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Pakistan Considers Iran Gas Pipeline Restart Despite U.S. Sanctions

  • Pakistan is considering initiating construction on the first phase of the Iran-Pakistan gas pipeline project to avoid an $18 billion penalty, with plans to seek a waiver of US sanctions.
  • The project, launched in 2013 to connect Gwadar to the Iranian border, stalled due to US sanctions, with Pakistan suspending its participation in August after issuing a Force Majeure notice to Iran.
  • Pakistani officials are engaged in talks with US officials to seek exemptions from sanctions, while Iran has already completed its side of the pipeline, capable of supplying 750 million cubic feet of gas per day to Pakistan.
Gas Pipeline

Via The Cradle

Pakistan is mulling over completing a much-delayed pipeline project with Iran, which has been stalled for years and has failed to move forward due to US sanctions

Islamabad is considering finalizing the first phase of the 80-kilometer pipeline, according to Pakistani news site The Nation. "Islamabad is contemplating to kick-off construction work on the 80 kilometers portion of Iran-Pakistan gas pipeline project… to escape a potential penalty of $18 billion," the report said.

"Pakistan will submit an application to seek a waiver of US sanctions for the IP project. Initially, it has been decided that in the first phase of the IP project, work on the 80 km portion from the Pak–Iran border to Gwadar will be started," a source in the Pakistani energy ministry told the outlet. 

The project, which aims to connect the Pakistani port city of Gwadar to the Iranian border, was launched in 2013. It required Pakistan to complete the construction of its end of the pipeline by 2014.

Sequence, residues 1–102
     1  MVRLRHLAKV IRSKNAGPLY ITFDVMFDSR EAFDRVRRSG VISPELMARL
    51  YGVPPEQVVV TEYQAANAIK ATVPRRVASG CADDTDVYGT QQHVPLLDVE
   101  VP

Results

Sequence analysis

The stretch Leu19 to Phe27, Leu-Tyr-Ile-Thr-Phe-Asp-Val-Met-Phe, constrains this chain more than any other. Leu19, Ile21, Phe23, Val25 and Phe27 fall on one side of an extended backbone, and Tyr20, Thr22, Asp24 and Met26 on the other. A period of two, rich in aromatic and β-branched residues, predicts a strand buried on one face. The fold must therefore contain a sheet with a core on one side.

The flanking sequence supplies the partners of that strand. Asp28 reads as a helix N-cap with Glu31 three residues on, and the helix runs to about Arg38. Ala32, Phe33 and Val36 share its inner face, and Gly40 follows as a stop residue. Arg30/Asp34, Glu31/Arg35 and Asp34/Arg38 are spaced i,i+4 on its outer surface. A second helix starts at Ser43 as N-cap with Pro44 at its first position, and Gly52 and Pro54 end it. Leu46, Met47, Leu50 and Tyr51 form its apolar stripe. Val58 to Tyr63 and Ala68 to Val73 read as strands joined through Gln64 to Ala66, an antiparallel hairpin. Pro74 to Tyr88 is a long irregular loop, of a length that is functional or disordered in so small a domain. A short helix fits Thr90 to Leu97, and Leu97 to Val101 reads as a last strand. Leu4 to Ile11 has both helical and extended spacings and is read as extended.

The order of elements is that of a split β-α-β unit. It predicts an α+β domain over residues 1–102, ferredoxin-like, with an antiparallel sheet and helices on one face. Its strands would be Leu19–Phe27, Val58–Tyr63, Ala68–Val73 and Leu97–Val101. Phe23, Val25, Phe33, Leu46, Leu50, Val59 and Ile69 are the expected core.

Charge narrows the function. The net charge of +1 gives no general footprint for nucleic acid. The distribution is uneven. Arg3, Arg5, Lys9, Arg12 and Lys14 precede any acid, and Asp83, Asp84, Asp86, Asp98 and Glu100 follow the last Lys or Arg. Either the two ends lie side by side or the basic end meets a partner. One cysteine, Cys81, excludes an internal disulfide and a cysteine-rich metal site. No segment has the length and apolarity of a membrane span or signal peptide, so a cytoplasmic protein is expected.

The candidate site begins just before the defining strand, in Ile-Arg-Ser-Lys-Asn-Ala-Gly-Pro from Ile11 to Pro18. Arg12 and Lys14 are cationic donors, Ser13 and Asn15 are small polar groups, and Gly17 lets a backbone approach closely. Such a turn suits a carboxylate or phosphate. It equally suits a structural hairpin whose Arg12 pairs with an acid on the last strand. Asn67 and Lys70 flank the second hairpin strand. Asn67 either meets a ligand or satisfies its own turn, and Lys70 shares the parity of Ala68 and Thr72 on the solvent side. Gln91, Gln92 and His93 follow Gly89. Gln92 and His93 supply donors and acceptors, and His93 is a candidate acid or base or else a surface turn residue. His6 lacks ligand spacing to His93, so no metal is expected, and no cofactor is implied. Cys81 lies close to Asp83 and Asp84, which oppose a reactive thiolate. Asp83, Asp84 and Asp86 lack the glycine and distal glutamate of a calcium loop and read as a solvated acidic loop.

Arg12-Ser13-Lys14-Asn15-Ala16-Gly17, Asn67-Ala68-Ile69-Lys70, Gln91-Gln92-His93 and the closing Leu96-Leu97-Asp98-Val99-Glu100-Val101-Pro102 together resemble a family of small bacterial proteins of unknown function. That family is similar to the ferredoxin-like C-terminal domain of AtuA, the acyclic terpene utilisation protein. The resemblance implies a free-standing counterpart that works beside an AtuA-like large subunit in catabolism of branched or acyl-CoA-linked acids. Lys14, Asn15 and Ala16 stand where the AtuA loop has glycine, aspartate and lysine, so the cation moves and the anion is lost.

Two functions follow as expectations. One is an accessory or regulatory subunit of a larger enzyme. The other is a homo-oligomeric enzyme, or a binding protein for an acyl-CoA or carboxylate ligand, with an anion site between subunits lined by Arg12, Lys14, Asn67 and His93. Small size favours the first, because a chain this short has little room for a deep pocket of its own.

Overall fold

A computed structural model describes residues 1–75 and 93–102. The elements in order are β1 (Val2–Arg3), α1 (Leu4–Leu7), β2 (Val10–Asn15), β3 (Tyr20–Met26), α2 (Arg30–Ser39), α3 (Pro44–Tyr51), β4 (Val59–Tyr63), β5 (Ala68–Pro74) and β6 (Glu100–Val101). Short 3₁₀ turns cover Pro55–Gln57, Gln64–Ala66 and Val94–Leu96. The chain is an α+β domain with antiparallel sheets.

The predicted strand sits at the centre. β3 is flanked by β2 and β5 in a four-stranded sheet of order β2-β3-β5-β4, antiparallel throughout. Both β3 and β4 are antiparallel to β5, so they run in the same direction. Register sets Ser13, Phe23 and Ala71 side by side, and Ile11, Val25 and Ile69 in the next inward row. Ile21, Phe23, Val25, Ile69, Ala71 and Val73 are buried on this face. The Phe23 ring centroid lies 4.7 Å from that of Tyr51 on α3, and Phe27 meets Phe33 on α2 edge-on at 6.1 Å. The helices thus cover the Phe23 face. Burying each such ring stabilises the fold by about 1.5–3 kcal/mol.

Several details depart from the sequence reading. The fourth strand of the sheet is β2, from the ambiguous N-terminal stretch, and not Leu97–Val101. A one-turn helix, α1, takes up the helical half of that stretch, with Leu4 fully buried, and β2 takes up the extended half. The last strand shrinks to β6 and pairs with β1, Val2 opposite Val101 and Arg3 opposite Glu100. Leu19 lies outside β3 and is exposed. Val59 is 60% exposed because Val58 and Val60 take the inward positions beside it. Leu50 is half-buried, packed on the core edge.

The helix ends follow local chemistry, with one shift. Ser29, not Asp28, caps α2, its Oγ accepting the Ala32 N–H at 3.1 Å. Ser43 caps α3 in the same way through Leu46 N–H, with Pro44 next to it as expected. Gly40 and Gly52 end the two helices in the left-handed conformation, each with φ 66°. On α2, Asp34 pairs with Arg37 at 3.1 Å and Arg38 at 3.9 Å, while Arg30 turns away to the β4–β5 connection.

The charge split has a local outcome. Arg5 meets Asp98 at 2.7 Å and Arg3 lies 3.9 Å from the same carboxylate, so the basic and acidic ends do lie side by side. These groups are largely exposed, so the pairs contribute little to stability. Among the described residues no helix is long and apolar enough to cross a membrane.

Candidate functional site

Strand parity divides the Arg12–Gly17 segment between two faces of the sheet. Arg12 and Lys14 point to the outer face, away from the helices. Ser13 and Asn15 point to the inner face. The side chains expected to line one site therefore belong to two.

Iran said it has already completed its side of the pipeline and has invested $2 billion in the project. Pakistani officials warned in May last year that Islamabad could face an $18 billion fine if it fails to complete the Iran–Pakistan Gas Pipeline project.

Islamabad suspended its participation in the project a few months later, in August, due to the threat of US economic sanctions. 

At the time, Pakistani Minister of State for Petroleum, Dr Musadik Malik, said in written testimony to the country’s National Assembly that Pakistan "issued a Force Majeure and Excusing Event notice to Iran under the Gas Sales and Purchase Agreement (GSPA), which resultantly suspends Pakistan’s obligations under the GSPA."

"The matter will be finally settled through arbitration, should Iran take this matter to arbitration," the minister said back in August. "The exact amount of penalty, if any, is subject to the outcome of the arbitration to be determined by the arbitrators."

Malik said that Pakistan was "engaged" in talks with US officials to plea for an exemption from sanctions for the project. "All necessary actions are being taken to construct the gas pipeline at the earliest," he stressed, confirming that the project is stalled "due to international sanctions on Iran." The pipeline project is capable of supplying 750 million cubic feet of gas per day to Pakistan. 

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Leave a comment
  • DoRight Deikins on February 22 2024 said:
    Tough one! I'd vote to let them build it, as long as they guarantee that the Iranian gas won't be re-exported. But we've seen how well that worked with Iraq! They're a major exporter of Iranian gas, even though they don't have sufficient for domestic purposes.

    But then I prefer being a blessing even to my 'enemies'. As one guy once said,
    He has shown you, O mortal, what is good.
    And what does the Lord require of you?
    To act justly and to love mercy
    and to walk humbly with your God.

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